United Nations Climate Change
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The Alberta government recently announced it would review Alberta’s workplace laws, including the Labour Relations Code and the Employment Standards Code.1 In a public mandate letter addressed to Arbitrator Andrew C.L. Sims, Q.C., the minister of labour identified a number of specific considerations that will form part of the Labour Relations Code review. The Alberta government also opened up a survey concerning select topics within the Employment Standards Code.
In the mandate letter to Mr. Sims, the minister of labour requested a focused and specific review of the following:
Whether to mandate a Rand formula in collective agreements.
Assessing the processes used to let employees exercise their constitutional right to choose, change or cancel union representation in a timely and effective way.
Whether it is appropriate to provide for the type of reverse onus provisions used elsewhere in respect to certain alleged unfair labour practices.
Reviewing current definitions of “employer” and “employee” to ensure they are consistent with today’s workplaces, including how bargaining rights may be maintained, adjusted, or changed as workplaces and ownership change.
The options available for dispute resolution in intractable disputes. This may include situations that involve unresolved first contracts, proven unfair labour practices, or the failure to maintain essential services or public emergency.
Whether to broaden the Alberta Labour Relations Board’s mandate to enable adjudication of a wider range of workplace disputes.
Improving the Alberta Labour Relations Board’s powers, procedures and remedial options with a view to more timely dispute resolution, flexibility in the use of mediation, and available remedies reflective of labour relations realities.
Improved powers and procedures in grievance arbitration, including the current judicial review processes and the option of initial Labour Board oversight.
Improved mechanisms for ensuring the fair representation of employees in matters arising out of collective agreements.
Examining areas of the Labour Relations Code where, due to the wording of legislation, or developed practice, Alberta’s labour law processes depart, without benefit, from the Canadian mainstream.2
The Alberta government also opened a survey concerning the following topics under the Employment Standards Code:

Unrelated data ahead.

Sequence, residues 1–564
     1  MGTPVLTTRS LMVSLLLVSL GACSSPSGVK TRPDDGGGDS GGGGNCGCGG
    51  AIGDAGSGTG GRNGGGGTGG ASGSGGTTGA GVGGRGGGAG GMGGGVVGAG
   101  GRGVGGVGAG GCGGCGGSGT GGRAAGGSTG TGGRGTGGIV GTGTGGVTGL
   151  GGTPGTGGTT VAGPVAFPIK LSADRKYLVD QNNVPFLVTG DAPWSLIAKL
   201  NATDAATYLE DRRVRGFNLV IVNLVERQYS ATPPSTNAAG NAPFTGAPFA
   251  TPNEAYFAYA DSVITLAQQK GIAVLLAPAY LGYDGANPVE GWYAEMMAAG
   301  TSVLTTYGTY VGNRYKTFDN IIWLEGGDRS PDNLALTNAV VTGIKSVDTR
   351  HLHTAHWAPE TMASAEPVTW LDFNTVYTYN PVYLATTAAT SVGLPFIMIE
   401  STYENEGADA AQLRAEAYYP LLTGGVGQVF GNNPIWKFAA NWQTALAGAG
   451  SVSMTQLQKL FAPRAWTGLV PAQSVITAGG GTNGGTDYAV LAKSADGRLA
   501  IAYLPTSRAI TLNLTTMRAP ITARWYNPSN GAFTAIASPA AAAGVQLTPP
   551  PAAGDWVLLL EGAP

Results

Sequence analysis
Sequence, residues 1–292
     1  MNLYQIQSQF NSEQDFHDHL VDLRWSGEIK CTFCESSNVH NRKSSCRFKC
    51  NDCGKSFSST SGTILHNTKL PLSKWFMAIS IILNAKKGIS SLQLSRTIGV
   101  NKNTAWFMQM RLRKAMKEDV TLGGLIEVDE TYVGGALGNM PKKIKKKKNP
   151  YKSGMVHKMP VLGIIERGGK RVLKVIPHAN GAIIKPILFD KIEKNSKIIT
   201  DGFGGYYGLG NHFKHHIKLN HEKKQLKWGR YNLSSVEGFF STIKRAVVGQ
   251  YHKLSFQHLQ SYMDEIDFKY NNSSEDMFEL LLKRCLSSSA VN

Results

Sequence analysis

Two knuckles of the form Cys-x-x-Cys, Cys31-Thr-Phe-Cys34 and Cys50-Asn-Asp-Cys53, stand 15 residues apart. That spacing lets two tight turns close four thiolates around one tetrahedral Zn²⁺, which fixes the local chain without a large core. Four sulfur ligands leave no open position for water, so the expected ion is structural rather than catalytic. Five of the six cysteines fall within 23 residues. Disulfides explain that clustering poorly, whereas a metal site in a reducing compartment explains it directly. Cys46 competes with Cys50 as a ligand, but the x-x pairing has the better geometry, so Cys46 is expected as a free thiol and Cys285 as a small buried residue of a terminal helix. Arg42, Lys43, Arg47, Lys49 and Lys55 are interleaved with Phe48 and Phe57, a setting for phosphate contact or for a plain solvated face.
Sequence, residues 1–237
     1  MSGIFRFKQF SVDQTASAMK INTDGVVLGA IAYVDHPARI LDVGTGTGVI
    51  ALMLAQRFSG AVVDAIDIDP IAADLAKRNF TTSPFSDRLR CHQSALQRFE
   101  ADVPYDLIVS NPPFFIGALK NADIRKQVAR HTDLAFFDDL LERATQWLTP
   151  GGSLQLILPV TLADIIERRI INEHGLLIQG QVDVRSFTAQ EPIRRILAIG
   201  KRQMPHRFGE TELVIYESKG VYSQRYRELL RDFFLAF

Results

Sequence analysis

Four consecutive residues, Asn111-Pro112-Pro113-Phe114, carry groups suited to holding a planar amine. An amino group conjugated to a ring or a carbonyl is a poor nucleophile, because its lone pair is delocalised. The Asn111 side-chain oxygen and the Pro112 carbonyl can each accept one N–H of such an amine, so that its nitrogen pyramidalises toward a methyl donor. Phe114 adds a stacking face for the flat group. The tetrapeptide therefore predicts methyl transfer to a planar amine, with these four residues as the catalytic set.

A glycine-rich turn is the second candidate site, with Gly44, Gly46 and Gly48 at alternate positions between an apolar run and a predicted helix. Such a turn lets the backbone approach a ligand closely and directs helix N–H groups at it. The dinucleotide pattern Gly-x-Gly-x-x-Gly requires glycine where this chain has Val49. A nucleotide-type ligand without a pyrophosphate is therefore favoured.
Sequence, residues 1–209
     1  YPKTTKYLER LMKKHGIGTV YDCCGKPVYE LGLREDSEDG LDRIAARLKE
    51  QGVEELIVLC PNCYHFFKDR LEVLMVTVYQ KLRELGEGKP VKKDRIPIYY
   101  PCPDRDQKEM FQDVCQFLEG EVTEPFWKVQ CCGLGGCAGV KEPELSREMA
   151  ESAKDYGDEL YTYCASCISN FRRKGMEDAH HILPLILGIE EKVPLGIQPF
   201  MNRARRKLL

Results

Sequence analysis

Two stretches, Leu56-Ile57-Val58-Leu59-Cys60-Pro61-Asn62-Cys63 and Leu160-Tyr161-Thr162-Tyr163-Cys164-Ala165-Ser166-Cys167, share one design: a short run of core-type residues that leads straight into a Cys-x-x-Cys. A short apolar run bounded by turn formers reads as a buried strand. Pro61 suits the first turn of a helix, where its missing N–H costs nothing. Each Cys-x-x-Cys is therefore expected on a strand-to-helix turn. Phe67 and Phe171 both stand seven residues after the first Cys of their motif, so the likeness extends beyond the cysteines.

Maternity, parental and compassionate care leaves.
Introducing leave for the care of critically ill children.
Other job-protected leaves in relation to the federal Employment Insurance program.
Improving enforcement and administration.3
The survey can be accessed at: https://extranet.gov.ab.ca/opinio6/s?s=ESCreview
We have been expecting for some time that the Alberta government would take steps to enhance the rights and protections for organized labour in an effort to increase union density in the province. The choice of these specific topics certainly points towards potential reforms that will increase union density in Alberta.
The Alberta government has already:
enacted a broader right to strike coupled with essential services provisions in response to the Supreme Court of Canada’s decision in Saskatchewan Federation of Labour v Saskatchewan, 2015 SCC 4;
passed Bill 6, which extended the right to unionize to farm workers and also extended worker’s compensation and occupational health and safety legislation to them; and
conducted consultations on the labour relations of post-secondary faculty who are governed by the Post-secondary Learning Act, SA 2003, c P-19.5.
While a number of labour issues were identified for review, most of the topics can be placed within two broad categories of change to Alberta’s labour scheme:
the Rand formula.
changes to certification procedures.
changes to the definition and scope of “employees.”
changes to protect the rights of organized workers once certified;
reverse onus provisions regarding unfair labour practices.
first contract arbitration.
At this point, it is uncertain what changes the government will introduce. The items in the mandate letter are broad enough that many specific changes remain within the government’s contemplation at this time.
We will be monitoring developments in this process closely and invite you to speak with one of our employment and labour specialists regarding any or all of these topics.
The author would like to thank Tyler R. Raymond, articling student, for his assistance in preparing this legal update.
IMO 2020 is almost upon us. Readers are well aware of the impending switch to 0.5 percent fuel mandated by Annex VI of MARPOL which will cause an anticipated drop in HSFO demand, the potential hazards of new untested LSFO blends, the concerns around scrubber operations, the debate over open loop versus closed loop, and the myriad of other risks associated with the impending regulatory change.